The patience of President Obama resulted in the deaths of more than 100,000 Syrians and millions of refugees and internally displaced persons. A surgical strike at Assad two years ago might have toppled Assad easily before the infiltration of terrorists now entrenched and embedded in Syria, including Taliban, al Qaida, Hezbollah, Moslem Brotherhood, all fighting against each other and for/against the removal of the notorious dictator Assad. President Obama is still reluctant to act even after Assad crossed the red line of using chemicals as a weapon of mass destruction of civilians and/or the militants. The world peace cannot be entrusted in the UN Security Council any more with five countries with veto power. Because of lack of unanimity in the Security Council and ideological polarization, it is high time country or countries take appropriate military action for peace, security and human rights, and against terrorism and use of weapons of mass destruction including chemical weapons, even if it necessitates military action against any country or countries. Otherwise, too much patience, negotiations and intentional delays will end up in bigger wars beyond imagination or prediction.

In Response

by: jane jacobs from: NJ
August 29, 2013 6:44 PM
Really, Davis K. Thanjan

Featured Videos

Your JavaScript is turned off or you have an old version of Adobe's Flash Player. Get the latest Flash player.
West Africa Ebola Vaccine Trials Possible by Early 2015i
X
Carol Pearson
August 30, 2014 7:14 PM
A U.S. health agency is speeding up clinical trials of a possible vaccine against the deadly Ebola virus that so far has killed more than 1,500 people in West Africa. If successful, the next step would be a larger trial in countries where the outbreak is occurring. VOA's Carol Pearson has more.
Video

Video West Africa Ebola Vaccine Trials Possible by Early 2015

A U.S. health agency is speeding up clinical trials of a possible vaccine against the deadly Ebola virus that so far has killed more than 1,500 people in West Africa. If successful, the next step would be a larger trial in countries where the outbreak is occurring. VOA's Carol Pearson has more.
Video

Video Survivors Commemorate 70th Anniversary of Nazi Liquidation of Jewish Ghetto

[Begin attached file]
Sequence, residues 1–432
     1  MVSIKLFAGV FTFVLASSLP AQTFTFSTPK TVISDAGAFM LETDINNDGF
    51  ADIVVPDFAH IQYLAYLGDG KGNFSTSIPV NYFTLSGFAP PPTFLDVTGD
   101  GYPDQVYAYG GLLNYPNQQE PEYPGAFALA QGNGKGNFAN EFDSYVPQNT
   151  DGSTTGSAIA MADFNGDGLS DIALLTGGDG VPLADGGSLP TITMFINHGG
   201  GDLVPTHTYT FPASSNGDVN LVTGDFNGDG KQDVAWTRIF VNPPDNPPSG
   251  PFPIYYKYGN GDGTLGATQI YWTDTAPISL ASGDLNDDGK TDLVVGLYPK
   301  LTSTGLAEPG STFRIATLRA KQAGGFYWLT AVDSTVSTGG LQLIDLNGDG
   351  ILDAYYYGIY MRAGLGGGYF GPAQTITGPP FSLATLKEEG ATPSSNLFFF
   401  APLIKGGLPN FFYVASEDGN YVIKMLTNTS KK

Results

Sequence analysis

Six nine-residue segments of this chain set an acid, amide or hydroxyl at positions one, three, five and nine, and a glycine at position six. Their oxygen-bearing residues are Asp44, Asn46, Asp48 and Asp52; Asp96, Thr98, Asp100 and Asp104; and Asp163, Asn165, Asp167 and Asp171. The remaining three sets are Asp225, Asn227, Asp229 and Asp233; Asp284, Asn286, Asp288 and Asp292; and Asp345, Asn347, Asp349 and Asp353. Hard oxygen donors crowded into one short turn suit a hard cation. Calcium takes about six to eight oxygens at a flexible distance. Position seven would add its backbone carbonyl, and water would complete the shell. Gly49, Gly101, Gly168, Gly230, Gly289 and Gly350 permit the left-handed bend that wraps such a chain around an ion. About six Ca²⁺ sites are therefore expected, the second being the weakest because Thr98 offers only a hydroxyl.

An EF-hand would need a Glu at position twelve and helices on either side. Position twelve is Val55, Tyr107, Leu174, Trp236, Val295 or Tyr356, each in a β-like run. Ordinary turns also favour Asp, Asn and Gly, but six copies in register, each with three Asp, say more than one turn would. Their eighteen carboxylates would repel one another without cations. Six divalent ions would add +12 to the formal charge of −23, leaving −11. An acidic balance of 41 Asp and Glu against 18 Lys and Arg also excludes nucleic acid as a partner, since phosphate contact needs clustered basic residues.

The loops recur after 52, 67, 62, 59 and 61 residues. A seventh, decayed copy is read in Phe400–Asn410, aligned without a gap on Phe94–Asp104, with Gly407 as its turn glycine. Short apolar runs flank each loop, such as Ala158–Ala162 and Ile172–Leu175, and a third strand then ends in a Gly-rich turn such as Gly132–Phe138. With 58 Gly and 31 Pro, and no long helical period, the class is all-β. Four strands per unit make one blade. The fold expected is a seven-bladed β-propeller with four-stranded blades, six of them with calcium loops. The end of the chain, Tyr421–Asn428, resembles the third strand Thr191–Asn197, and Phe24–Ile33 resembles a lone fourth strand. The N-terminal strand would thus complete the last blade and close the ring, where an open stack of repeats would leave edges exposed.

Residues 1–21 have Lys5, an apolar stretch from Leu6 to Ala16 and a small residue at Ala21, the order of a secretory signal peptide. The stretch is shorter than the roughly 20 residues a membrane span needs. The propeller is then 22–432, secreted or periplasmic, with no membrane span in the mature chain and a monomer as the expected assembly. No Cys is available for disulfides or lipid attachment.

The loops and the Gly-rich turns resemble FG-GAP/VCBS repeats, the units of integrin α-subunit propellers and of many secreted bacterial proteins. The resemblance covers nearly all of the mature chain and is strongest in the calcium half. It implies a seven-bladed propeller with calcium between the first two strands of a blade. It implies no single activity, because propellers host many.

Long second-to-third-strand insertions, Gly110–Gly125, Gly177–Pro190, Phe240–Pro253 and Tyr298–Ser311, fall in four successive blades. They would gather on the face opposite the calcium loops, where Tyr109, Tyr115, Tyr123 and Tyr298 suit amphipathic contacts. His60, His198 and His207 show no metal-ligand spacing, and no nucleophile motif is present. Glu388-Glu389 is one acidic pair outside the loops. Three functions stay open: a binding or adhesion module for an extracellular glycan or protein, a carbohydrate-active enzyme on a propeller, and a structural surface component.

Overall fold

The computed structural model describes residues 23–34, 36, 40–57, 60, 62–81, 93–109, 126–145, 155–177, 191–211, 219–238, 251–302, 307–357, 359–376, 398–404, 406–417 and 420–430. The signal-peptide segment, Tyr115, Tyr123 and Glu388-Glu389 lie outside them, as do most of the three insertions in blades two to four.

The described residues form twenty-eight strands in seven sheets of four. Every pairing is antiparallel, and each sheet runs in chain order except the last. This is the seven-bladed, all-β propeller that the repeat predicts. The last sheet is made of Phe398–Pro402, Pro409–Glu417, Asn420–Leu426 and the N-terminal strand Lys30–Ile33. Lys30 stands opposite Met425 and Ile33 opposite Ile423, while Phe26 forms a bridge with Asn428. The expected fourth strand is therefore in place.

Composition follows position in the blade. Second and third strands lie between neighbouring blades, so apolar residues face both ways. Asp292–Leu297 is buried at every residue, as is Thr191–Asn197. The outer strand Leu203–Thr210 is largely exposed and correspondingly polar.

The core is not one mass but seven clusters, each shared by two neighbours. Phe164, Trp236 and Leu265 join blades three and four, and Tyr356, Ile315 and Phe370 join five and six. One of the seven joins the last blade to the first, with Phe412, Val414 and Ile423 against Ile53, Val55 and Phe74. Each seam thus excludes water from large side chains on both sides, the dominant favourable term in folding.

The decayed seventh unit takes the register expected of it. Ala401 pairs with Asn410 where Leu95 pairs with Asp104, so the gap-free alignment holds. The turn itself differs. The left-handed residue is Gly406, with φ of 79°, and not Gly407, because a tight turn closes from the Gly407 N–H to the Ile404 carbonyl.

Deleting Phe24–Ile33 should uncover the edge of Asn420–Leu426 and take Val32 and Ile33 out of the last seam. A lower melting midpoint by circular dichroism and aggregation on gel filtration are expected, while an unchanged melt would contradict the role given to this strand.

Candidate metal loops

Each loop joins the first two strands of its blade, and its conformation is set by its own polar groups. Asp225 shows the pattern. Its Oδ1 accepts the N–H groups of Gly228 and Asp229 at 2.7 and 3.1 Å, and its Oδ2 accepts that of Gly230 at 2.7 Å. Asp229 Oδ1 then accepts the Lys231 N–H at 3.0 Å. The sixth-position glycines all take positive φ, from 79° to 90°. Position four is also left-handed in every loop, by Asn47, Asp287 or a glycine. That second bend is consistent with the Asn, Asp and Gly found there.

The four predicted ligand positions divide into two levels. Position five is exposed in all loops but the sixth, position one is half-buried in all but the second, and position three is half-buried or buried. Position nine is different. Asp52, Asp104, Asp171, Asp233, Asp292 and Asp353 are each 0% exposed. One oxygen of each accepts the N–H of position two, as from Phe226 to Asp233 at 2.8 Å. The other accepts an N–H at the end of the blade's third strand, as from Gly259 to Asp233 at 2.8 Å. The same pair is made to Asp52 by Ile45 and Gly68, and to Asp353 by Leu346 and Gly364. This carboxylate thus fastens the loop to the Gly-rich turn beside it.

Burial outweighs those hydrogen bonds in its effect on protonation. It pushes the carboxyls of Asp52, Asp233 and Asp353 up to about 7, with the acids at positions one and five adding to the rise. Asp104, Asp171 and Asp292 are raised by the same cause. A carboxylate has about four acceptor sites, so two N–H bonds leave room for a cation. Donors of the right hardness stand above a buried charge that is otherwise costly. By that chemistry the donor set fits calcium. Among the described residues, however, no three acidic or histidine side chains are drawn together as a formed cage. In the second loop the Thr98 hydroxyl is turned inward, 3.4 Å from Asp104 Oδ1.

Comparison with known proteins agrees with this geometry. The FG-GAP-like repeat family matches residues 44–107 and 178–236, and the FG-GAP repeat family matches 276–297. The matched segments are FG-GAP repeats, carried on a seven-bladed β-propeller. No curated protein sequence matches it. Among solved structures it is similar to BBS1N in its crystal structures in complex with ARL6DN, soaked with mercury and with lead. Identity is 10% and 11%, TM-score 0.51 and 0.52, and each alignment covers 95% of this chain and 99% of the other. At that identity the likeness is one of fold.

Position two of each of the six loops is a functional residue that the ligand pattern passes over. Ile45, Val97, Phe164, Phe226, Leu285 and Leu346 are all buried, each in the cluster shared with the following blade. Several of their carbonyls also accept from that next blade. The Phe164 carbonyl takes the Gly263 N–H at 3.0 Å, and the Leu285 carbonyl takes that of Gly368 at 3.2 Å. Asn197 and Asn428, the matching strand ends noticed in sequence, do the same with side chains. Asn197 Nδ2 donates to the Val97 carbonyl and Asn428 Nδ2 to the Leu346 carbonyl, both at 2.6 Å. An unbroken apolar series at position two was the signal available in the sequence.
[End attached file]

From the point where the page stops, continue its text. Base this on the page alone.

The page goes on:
When the German Nazi army occupied the Polish city of Lodz in 1939, it marked the beginning of a long nightmare for the Jewish community that once made up one third of the population. Roughly 200,000 people were forced into the Lodz Ghetto. Less than 7,000 survived. As VOA’s Kane Farabaugh reports, some survivors gathered at the Union League Club in Chicago on the 70th anniversary of the liquidation of the Lodz Ghetto to remember those who suffered at the hands of the Nazi regime.
Video

Video Cost to Raise Child in US Continues to Rise

The cost of raising a child in the United States continues to rise. In its latest annual report, the U.S. Department of Agriculture says middle income families with a child born in 2013 can expect to spend more than $240,000 before that child turns 18. And sending that child to college more than doubles that amount. VOA’s Deborah Block visited with a couple with one child in Alexandria, Virginia, to learn if the report reflects their lifestyle.
Video

Video Chaotic Afghan Vote Recount Threatens Nation’s Future

Afghanistan’s troubled presidential election continues to be rocked by turmoil as an audit of the ballots drags on. The U.N. says the recount will not be completed before September 10. Observers say repeated disputes and delays are threatening the orderly transfer of power and could have dangerous consequences. VOA correspondent Meredith Buel reports.
Video

Video Ukraine Battles Pro-Russia Rebel Assault